In the spirit of taking a thriving industry and slapping it with climate change penalties, who’s up for a gaming tax?
A world of 3.24 billion gamers might be good for the economy, but what about the environmental impacts?
From the games themselves to the way they’re manufactured, shipped, and sold, they all contribute to a large carbon footprint.
Looking at the stats, most games are played online and require a lot of data usage, equating to “internet pollution”, which accounts for almost 3.7 per cent of all global greenhouse gas emissions.
It sounds to me as though the video game industry is becoming a sustainability nightmare.
And what’s being done about it?
Nothing. Because for some reason, society would rather talk about imposing a meat tax.
The topic first hit the headlines towards the end of last year, following the release of key reports on climate change.
Now the world is on track to consume more meat in 2022 than ever before, and with meat production increasingly under the spotlight over environmental impact and biodiversity loss, the use of taxation is a popular argument.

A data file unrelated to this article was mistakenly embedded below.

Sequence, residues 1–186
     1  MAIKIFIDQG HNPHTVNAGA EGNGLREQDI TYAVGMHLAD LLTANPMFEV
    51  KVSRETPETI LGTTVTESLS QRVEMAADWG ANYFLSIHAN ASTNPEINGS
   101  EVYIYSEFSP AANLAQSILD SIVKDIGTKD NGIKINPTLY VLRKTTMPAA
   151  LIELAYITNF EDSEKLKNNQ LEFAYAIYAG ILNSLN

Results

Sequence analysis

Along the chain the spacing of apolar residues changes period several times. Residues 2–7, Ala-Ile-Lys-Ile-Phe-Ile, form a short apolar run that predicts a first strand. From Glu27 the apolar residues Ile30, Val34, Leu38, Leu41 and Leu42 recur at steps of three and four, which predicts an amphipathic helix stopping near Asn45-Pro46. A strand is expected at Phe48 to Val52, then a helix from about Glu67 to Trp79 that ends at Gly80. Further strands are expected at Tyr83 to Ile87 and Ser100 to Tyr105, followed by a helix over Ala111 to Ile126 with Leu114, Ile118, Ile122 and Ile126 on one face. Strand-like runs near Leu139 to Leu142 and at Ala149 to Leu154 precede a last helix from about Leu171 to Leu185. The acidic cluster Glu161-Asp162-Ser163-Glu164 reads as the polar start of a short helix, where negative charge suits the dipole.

Sadly, when it comes to saving the planet, it’s always easier for the anti-agriculture brigade to point the finger at us rather than at their gaming friends.
They think that if meat imposes a cost on people and the planet, then it should be taxed.
But every form of consumption – including vegetable farming (and gaming) – has an environmental impact.
So it’s time to stop attacking meat.
Moderate meat consumption is still regarded as an important part of a healthy diet, and, as AgForce’s sustainable farming AgCarE program demonstrates, the environmental impact of meat production varies considerably according to farming practices, making a flat meat tax ineffective at accounting for the true costs and benefits of meat.
And don’t forget, figures show the Australian beef industry has more than halved its CO2 emissions since 2005, recording a reduction of 58.21 per cent in 2019.
I doubt the gaming industry can say the same.